We recognize that in reviewing the Commission's determinations, even as to whether a hearing should be held, our scope of review is limited. See West Michigan Telecasters, Inc. v. FCC, 130 U.S.App.D.C. 39, 396 F.2d 688 (1968), and Southwestern Operating Co. v. FCC, 122 U.S.App.D.C. 137, 351 F.2d 834 (1965).25 The failure to hold evidentiary hearings herein simply cannot pass muster even under the limited test we impose, and so the Commission's order granting the assignment application of WGLN (FM) and denying appellant's Petition for Reconsideration is
Reversed and remanded for further proceedings consistent with this opinion.
Sitting by designation pursuant to 28 U.S.C. Sec. 294(d) (1970)
We reject appellant's argument that the Commission erred in refusing to order a hearing to determine whether the assignee of WGLN (FM) misrepresented its programming plans to its employees and the community of license in order to forestall protests
The channel applied for, 288A, was assigned to the city of Toledo. 47 C.F.R. Sec. 73.202(b). It was available for use at Sylvania, however, pursuant to 47 C.F.R. Sec. 73.203(b), the "25 mile rule." The "rule" was amended effective June 4, 1968. See 33 Fed.Reg. 6663 (May 1, 1968)
The application for license renewal was filed on July 6, 1970, and stated at Exhibit 2A, in response to Part 1, Section IV(A), sentence (1) (A) (2) of the application: "The principal community served by the station is the community of Sylvania, Ohio (population 5,137), and the surrounding county of Lucas, Ohio (population 456,931), including the city of Toledo, Ohio (population 365,000)." Renewal was granted effective October 29, 1970 through October 1, 1973
The licensee experienced an operating cash profit of $2,036.00 in 1969, a loss of $27,072.00 in 1970, and a loss of $21,901.00 during the first six months of 1971. Jt.App. at 84
Jt.App. at 24. We agree with the Commission that the similarity between a "golden oldies" and "middle of the road" format voids appellant's argument that this is a misrepresentation. See Twin States Broadcasting, Inc., 35 F.C.C.2d 969, 972 (1972)
It makes no practical difference whether an adequate listening alternative is considered one of many elements (although undoubtedly the most important, and normally the conclusive element) to be considered by the Commission, or as a factor that renders inapplicable the entire Citizens Committee rationale. In either instance, the presence and adequacy of the alternative source is a material issue. See Keyes Corp., 31 F.C.C.2d 32, 38 (1971):
It has been fully demonstrated that other stations serving the community of Canton carry substantially the same entertainment format as that presently carried by WNYN-FM and that, in consequence, its proposed change of format will not result in the elimination of the only station providing "quiet pool" entertainment fare. The assignee proposes contemporary popular music and standard popular music from the past. Thus, there is considerable doubt whether the doctrine of the Citizens' Committee Case even comes into play. However, even if the doctrine of that case were to be applied here, the application establishes beyond a doubt that the assignee's proposals, as described above, are designed to serve the needs and interests of Canton and that the tastes of Canton for entertainment programming will continue to be met. (Footnote omitted.)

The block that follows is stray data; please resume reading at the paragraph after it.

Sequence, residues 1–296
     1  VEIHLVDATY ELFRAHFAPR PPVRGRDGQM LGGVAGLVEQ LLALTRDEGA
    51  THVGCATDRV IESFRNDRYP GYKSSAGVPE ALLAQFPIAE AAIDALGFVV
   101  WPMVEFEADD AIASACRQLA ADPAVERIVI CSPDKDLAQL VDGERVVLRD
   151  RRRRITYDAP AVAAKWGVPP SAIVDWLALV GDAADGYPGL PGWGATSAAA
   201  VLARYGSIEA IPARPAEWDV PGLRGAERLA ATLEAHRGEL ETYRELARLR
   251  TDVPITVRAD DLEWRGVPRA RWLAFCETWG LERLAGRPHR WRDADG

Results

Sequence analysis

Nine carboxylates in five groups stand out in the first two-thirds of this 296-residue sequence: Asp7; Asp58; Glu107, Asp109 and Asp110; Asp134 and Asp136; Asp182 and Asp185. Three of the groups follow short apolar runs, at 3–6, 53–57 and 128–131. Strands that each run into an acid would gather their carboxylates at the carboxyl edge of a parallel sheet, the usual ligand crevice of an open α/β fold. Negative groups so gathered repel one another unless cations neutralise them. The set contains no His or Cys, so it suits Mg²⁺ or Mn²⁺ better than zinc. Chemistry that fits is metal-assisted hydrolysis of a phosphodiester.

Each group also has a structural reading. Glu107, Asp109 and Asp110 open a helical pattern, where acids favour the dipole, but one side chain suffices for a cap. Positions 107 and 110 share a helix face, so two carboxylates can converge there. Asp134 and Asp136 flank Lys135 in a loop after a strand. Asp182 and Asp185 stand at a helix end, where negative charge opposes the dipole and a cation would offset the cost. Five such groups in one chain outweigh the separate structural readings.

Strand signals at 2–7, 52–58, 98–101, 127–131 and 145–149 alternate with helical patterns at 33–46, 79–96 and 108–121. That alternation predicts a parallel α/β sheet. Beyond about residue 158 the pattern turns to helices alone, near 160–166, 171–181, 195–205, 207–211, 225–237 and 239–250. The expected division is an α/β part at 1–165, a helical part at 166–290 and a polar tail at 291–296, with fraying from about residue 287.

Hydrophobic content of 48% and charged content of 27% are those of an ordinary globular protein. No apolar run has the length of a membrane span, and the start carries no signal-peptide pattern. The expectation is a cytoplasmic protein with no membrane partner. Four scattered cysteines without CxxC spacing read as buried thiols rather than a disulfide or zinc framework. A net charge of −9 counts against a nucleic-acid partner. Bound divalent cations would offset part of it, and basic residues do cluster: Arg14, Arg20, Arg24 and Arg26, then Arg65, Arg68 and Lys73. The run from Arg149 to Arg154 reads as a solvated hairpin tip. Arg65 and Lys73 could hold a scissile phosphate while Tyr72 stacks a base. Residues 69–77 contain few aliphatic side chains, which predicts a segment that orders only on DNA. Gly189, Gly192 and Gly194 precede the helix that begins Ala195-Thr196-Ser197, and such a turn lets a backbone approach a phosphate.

See also Biola Schools and Colleges, Inc., 29 F.C.C.2d 787 (1971).
This assumes, of course, that a "significant minority" voices support for the format to be discontinued. De minimis non curant arbitri, but neither may the Commission ignore a minority's petitions nor should it establish a quantitative minimum. Each situation is different and should be treated as such. Certainly the degree of support for retention of a unique format can be of critical importance in what otherwise are "close cases."
We assume that all other issues relevant to the format change determination are likewise undisputed
"Unchallenged" is tempered with acknowledgement that "[c]ontradictory allegations and affidavits which create some possibly unresolved factual issue do not invariably necessitate an evidentiary hearing before the Commission can judge whether an assignment would be in the public interest." Broadcast Enterprises, Inc. v. FCC, 129 U.S.App. D.C. 68, 390 F.2d 483, 485 (1968)
See affidavit of Dorian Paster, Jt.App. at 150, 155, 157, which was included with appellant's Petition for Reconsideration
See affidavit of Charles Schmitt, former sales manager for WGLN (FM), Jt.App. at 164, 166, which was included with appellant's Petition for Reconsideration. See also affidavit of Richard Bird, Jr., former public affairs director for WGLN (FM), Jt.App. at 176. The affidavits submitted with appellant's Petition for Reconsideration generally speak of the improved status of WGLN (FM) since the adoption of the "progressive rock" format, but also contain statements indicating that the station was not as financially sound as it should be, or would be in the future
47 C.F.R. Sec. 1.597(a) provides that unless the "assignor . . . has made an affirmative factual showing, supported by affidavits of a person or persons with personal knowledge thereof, which establishes that (due to unavailability of capital . . .) Commission consent to the proposed assignment or transfer of control will serve the public interest, convenience and necessity," then if the station involved in a proposed assignment "has been operated by the proposed assignor . . . for less than three successive years, the application will be designated for hearing" pursuant to 47 U.S.C. Sec. 309(e) (1970)
The test is generally whether the assignor has made a sufficient showing that he is not "trafficking in broadcast licenses." 35 F.C.C.2d at 972.
It is possible, although not probable, that a licensee could suffer such financial losses under prior formats that a newly found profitable format will be too little too late. In the event that no purchaser can be found willing to program the new economically feasible format (equally unlikely), and the public is thus faced with abandonment of the channel altogether, the financial losses of the licensee under prior formats would have to be considered relevant to the format change determination